We have TRIM working on both Indilinx (from SuperTalent/OCZ) and Intel drives. Sweet.

Index Wipe When You Can’t TRIM


View All Comments

  • Anand Lal Shimpi - Monday, October 26, 2009 - link

    Thanks guys :)

    Take care,
  • jimhsu - Monday, October 26, 2009 - link

    Since I've been wondering about the free space issue, will there be a test where a drive is benchmarked vs. the amount of free space available? My guess is that the graph will be an exponential decay with the "noticeable" regime at 20% free space. Anyone cares to do this (say, at 90%, 80% ... close to zero free space)? Reply
  • Crittias - Monday, October 26, 2009 - link

    So, without TRIM, is there anything else G1 owners can do? Can I manually wipe the drive and reinstall my OS every few months? If so, should I? Reply
  • mataichi - Monday, October 26, 2009 - link

    I have the G1 and in Anand's previous SSD Anthology article he tells how to get back to 100% performance using HDDERASE.


    This is total crap that Intel is not supporting the G1.
  • DanH - Monday, October 26, 2009 - link

    Buy the G2, clone the G1 to it and sell the gen 1. Really. It is not a big loss of money to do it. Reply
  • lorax1284 - Tuesday, December 15, 2009 - link

    Basically, you suggest we pass our problem on to someone else who is less informed. It's called "Ethics". Look into it.

    Just because Intel has none doesn't mean I'm going to abandon mine.
  • klil - Monday, October 26, 2009 - link

    The only option you, a G1 owner, have to make your drive's performance back to ~100% is to do a full format of the drive. I'm pretty sure it would have to be done very frequently, each time you write 80/160GB of data to the drive... nothing else you can do, sorry =(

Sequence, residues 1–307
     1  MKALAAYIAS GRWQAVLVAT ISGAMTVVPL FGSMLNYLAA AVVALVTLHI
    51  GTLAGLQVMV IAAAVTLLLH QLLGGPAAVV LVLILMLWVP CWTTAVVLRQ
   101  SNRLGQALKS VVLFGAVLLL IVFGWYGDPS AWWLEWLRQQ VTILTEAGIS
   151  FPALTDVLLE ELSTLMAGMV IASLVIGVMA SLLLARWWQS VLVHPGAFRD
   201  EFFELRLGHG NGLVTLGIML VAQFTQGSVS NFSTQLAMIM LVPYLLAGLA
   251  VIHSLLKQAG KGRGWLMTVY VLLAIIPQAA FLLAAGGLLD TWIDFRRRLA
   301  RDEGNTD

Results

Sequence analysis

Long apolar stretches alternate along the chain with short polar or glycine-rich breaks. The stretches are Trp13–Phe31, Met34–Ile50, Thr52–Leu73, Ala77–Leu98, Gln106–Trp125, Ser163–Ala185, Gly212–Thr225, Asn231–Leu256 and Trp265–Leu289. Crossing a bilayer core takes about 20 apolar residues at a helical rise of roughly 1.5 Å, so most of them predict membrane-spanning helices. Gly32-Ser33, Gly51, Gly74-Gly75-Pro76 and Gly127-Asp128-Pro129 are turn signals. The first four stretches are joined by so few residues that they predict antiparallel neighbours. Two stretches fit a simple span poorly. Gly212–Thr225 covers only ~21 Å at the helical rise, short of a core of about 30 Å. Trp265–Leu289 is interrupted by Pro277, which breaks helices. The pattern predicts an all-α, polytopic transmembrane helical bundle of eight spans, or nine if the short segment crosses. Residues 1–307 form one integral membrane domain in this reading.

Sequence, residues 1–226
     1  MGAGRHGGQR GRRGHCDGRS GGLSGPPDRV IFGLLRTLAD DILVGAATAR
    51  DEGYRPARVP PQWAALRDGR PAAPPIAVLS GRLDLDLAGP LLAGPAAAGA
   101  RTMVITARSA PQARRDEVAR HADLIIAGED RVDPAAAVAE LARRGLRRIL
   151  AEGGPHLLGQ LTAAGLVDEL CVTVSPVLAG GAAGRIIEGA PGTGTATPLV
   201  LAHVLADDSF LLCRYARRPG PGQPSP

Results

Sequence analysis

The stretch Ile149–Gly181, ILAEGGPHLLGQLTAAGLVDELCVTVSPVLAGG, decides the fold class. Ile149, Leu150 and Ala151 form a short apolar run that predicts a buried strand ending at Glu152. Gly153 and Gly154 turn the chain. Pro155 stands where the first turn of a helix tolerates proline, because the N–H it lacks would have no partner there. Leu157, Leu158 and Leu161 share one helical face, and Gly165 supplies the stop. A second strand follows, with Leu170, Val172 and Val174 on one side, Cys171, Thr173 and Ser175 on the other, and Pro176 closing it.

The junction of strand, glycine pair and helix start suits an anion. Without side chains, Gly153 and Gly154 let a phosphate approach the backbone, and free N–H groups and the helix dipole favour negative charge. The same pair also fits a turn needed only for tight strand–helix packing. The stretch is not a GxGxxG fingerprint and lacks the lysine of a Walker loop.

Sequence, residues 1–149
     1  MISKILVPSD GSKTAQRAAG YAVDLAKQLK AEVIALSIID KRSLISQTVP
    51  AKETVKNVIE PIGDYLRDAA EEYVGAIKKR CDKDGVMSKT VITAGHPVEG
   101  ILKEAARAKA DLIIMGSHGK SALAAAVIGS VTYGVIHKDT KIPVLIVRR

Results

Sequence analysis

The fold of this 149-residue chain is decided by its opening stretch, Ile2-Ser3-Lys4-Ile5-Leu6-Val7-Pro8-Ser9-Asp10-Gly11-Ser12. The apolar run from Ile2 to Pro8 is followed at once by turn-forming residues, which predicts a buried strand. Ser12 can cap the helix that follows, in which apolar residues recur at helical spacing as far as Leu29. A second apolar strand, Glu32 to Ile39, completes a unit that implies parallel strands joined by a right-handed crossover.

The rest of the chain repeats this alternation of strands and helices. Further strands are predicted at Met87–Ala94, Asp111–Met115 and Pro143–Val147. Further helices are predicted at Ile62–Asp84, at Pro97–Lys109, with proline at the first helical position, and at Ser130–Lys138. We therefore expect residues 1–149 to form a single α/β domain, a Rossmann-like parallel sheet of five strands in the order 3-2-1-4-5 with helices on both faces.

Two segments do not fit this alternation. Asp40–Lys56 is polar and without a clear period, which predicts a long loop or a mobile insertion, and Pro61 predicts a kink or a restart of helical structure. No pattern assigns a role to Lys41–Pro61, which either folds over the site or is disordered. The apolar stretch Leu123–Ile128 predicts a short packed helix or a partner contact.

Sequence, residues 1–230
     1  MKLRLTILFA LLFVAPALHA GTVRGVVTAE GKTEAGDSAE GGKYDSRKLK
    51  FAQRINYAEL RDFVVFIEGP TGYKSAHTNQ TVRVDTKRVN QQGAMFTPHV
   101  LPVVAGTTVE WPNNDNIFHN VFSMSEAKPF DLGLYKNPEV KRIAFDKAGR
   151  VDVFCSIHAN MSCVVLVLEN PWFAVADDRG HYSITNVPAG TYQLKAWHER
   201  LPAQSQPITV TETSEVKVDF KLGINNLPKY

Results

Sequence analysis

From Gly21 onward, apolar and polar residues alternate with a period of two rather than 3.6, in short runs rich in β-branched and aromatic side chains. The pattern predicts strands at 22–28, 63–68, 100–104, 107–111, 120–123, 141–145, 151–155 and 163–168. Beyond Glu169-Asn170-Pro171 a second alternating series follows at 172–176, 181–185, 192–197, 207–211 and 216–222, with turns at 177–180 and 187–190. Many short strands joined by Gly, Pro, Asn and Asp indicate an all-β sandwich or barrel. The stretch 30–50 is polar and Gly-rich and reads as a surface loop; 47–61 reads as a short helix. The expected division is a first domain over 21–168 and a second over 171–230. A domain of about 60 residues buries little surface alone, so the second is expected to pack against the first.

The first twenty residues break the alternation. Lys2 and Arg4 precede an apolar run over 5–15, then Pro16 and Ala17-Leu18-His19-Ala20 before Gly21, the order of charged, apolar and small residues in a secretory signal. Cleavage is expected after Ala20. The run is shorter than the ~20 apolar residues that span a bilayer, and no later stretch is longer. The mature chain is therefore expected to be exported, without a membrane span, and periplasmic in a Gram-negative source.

Intel's wipe ultility (SSD Toolbox) only works with the G2 (for use with Windows XP/Vista) and TRIM only works with the G2 as well (for use with Windows 7-to replace the Toolbox)... =(
  • Zoomer - Monday, October 26, 2009 - link

    One can always try the Indillinx tool, after making a full backup, of course. Heck, 80GB would be less than two blu-rays. Reply
  • klil - Monday, October 26, 2009 - link

    Another great article by the one and only Anand Shimpi, king of SSDs
    So, basically Intel made a very stupid move by only allowing SSD Toolbox AND TRIM on G2 drives. I would like to know if its due to architectural changes (perhaps?), maybe you know it but can't reveal it to anyone... if I weer you i would edit out the part when you say the G3 are coming next year... or else Intel will kill you, they just lost a custumer for the G2 (me)

    But would it make sense for them to release the SATA 6 G3 drives next year if their on-board ICH10 and MCH P55 does not support it? Maybe the P57 and X68 will? Who knows?

    I'll still be waiting for those Gulftowns... =D
  • Bakkone - Monday, October 26, 2009 - link

    Don't think its that much of a secret that we will se a new generation next year. We need a version that uses Sata3 (6Gb). Reply